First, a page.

Many people believed that the approval of medication abortion in the United States in 2000 would revolutionize access to abortion. Medication abortion, which includes a range of products (e.g., mifepristone, misoprostol, methotrexate, letrozole), can theoretically be provided at a variety of care points (e.g., abortion clinics, primary care settings, pharmacies, and outside the health service infrastructure) and through a number of different modes of delivery (e.g., in clinic, telemedicine, pharmacy pick up, mail order, or community health worker). In short, medication abortion was thought to open up new avenues of access and to de-medicalize abortion while shifting power to the individual. These alternative means of delivery were also expected to enhance privacy and thereby to reduce the stigma of seeking and having an abortion.
This revolutionary potential has yet to be fulfilled in the U.S. Instead of widespread use outside the traditional abortion clinic setting, persistent barriers, including a complicated clinical provision model, the high cost of the service to patients, specific dispensing requirements, increasingly restrictive state-level abortion policies, and general social stigma toward abortion have stalled advances. And despite almost twenty years of availability, most people know very little about medication abortion.
In an effort to advance research on medication abortion, the Society of Family Planning Research Fund is inviting proposals under the Increasing Access to Medication Abortion in the US, Part II RFP.
Central to the RFP is an understanding that individuals do not have equal access to medication abortion. People’s social situation (e.g., race, ethnicity, religion, social class, gender, age, health, geography) are powerful determinants of abortion access. As such, the RFP calls for research focused on populations not currently benefiting from medication abortion.
In 2018, SFPRF issued a funding opportunity focused on resolving issues that impede access to medication abortion in the U.S. and funded fourteen grants related to medication abortion access. Although robust, the grants did not address all the known barriers to medication abortion. To understand the gaps, SFPRF convened the PIs of those grants and relevant community partners at an in-person meeting in April 2019. The conclusions from that meeting, built on a prior literature review and best practices for collaboration, resulted in the development of this funding opportunity.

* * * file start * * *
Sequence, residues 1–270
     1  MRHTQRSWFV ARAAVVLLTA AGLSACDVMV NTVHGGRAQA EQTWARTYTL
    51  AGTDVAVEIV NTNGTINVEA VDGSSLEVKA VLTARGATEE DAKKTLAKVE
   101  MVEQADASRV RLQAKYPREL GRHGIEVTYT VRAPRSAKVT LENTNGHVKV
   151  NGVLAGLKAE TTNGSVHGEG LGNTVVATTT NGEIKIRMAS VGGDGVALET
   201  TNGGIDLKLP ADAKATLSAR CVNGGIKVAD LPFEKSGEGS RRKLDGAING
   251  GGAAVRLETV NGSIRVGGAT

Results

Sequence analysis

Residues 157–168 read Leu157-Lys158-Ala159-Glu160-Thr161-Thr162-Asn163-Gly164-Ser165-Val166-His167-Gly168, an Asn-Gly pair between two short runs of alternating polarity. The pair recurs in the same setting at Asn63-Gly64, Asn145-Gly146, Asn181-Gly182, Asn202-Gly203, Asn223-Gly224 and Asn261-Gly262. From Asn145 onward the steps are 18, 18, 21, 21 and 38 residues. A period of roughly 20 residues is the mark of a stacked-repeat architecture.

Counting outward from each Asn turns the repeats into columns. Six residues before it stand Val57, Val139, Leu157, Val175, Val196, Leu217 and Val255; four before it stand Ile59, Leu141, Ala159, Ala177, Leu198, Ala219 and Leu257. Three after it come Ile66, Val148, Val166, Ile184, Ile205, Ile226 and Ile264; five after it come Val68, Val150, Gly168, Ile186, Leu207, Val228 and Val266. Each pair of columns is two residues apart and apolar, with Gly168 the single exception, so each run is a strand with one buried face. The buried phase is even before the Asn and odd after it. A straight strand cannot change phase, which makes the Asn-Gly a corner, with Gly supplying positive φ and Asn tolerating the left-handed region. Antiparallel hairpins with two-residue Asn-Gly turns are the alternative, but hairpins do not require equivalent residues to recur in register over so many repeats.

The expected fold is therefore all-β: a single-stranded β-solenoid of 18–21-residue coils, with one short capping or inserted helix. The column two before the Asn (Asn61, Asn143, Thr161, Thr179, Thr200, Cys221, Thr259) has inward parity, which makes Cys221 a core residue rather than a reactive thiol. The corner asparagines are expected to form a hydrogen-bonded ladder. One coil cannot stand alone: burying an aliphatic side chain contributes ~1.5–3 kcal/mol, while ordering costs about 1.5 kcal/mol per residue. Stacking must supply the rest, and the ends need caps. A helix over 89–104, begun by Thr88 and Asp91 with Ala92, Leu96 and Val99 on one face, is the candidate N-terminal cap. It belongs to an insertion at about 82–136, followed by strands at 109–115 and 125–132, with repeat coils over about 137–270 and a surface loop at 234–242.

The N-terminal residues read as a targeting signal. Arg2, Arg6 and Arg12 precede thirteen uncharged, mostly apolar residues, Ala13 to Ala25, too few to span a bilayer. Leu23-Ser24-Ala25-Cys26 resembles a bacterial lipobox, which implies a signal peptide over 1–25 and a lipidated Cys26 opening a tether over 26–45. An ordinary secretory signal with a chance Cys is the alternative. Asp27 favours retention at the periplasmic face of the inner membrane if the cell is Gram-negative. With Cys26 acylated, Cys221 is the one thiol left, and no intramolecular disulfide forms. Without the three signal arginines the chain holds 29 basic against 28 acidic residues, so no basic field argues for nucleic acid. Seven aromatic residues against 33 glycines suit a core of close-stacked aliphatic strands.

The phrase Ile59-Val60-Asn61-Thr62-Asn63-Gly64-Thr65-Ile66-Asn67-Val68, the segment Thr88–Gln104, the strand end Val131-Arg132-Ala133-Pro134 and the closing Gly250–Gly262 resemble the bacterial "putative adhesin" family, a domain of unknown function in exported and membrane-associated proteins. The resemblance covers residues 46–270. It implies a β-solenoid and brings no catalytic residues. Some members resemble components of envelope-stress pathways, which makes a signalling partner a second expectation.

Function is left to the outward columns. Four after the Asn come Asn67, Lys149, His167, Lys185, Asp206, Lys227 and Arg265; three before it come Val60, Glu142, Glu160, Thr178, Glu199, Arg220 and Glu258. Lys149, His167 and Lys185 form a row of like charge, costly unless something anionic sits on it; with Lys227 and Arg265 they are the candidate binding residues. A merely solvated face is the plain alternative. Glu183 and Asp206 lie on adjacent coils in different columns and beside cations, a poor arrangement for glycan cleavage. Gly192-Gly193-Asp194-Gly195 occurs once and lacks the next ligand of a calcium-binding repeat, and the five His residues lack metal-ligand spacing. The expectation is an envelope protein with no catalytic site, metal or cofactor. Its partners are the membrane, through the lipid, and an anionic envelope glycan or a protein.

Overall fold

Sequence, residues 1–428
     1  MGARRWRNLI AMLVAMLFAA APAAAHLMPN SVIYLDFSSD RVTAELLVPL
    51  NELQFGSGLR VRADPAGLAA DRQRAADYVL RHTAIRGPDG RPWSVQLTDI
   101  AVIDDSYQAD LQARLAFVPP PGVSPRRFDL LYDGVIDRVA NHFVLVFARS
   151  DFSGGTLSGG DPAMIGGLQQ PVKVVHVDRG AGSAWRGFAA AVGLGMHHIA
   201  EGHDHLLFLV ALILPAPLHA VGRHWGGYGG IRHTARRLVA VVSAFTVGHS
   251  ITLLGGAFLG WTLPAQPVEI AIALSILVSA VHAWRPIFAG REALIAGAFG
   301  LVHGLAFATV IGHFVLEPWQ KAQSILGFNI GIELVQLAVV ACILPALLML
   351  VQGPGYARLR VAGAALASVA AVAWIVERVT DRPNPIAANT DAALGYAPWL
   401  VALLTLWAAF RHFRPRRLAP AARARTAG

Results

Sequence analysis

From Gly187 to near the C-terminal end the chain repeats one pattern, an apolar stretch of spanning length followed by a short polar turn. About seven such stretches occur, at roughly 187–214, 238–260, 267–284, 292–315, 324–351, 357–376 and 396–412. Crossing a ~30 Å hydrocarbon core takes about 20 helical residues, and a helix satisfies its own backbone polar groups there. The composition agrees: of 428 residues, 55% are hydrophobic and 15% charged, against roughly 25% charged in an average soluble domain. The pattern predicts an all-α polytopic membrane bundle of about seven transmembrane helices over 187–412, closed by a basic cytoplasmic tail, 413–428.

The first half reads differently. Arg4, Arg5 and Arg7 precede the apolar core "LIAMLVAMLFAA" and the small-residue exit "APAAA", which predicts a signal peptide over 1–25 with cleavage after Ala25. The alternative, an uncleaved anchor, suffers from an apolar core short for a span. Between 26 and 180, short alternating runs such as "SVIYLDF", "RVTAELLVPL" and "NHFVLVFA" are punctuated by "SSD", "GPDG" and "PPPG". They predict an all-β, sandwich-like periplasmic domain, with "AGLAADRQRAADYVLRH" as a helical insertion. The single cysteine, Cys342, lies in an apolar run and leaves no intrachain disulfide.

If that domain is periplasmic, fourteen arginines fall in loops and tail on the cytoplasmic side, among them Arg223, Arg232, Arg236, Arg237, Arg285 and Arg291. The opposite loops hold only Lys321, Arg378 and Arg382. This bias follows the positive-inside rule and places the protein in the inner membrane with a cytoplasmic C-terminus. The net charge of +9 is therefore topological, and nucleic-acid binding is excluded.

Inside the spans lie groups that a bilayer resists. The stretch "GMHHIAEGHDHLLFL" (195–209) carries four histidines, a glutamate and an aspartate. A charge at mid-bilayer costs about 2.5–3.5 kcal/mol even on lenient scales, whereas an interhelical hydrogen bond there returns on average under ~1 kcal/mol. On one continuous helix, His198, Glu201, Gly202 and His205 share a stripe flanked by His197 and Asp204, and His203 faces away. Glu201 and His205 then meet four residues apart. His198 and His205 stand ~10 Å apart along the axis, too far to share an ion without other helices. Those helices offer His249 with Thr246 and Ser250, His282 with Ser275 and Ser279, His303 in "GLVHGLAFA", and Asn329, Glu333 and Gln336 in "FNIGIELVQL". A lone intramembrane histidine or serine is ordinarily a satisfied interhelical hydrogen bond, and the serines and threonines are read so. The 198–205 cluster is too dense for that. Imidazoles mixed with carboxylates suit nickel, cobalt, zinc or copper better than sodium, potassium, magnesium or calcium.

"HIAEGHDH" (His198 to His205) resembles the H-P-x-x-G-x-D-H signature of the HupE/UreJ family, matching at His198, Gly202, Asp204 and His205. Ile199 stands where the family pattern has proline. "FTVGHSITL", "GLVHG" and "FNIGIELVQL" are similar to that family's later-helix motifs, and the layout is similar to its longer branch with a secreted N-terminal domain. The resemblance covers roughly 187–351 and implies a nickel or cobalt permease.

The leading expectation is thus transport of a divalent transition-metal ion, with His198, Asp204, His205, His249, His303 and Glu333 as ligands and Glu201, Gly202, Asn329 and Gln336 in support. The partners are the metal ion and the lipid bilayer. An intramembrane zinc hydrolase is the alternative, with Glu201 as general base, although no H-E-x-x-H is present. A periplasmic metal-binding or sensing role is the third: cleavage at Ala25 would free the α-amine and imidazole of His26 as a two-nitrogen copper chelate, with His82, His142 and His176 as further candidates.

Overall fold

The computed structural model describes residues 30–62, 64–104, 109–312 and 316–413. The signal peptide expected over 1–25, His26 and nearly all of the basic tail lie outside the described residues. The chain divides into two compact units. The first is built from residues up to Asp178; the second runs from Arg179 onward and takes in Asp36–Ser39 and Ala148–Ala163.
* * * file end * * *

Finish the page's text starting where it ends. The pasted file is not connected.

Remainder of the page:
Key conclusions from the meeting highlighted the need for research designed to ensure that all people have access to medication abortion; the testing of ideas through small and pilot grants; the need for partnerships between researchers and those working directly with affected communities; and a theory of change to demonstrate how research can contribute to the goal of safe abortion without social or legal repercussions, when and where desired.
Applicants should focus their proposals around the following question: What would it take to increase access to medication abortion in the U.S., specifically for populations not currently benefiting from its availability? Proposed research must be positioned to generate empirical evidence with a clear and strategic path to changes in clinical practice, public policy, health services delivery, or cultural understandings. Research that stimulates the disruptive potential of medication abortion will be prioritized.
SFPRF invites proposals in two different categories:
Pilot or analysis studies — Budgets of $25,000 or less; projects require no more than one year to complete. Projects aim to document proof of concept for further inquiry or to analyze previously collected data. Pilot studies requiring expensive biomedical research materials and equipment may request limited additional funds beyond the maximum request amount. Those pilot projects with results warranting further study may be eligible for additional funding.
Full research studies — No predetermined budget limit. Investigators should request the funds and time needed to accomplish the aims of the project. The size and scope of the budget should reflect the importance of the research question and the capacity of the findings to effect change. For large projects, the research team should have proven experience successfully completing projects (research or program) of a similar scale.
Grants will be made to organizations on behalf of a named PI. Grants are limited, without exception, to tax-exempt organizations. The PI does not need to work for a research institution and should be an individual with curiosity about the proposed question who will drive scientific inquiry, complemented by a team that can successfully execute the project.
The organization that receives the award may provide a subcontract for specific activities unable to be completed by the primary organization. Subcontracts to nonprofit organizations should be justified by the distribution of the proposed activities. Subcontracts to for-profit entities cannot exceed 20 percent of the budget. Grantees of the 2018 Medication Abortion RFP are discouraged from applying for this funding opportunity.
Proposals are due by February 14, 2020.
For the complete RFP, see the Society of Family Planning Research Fund website.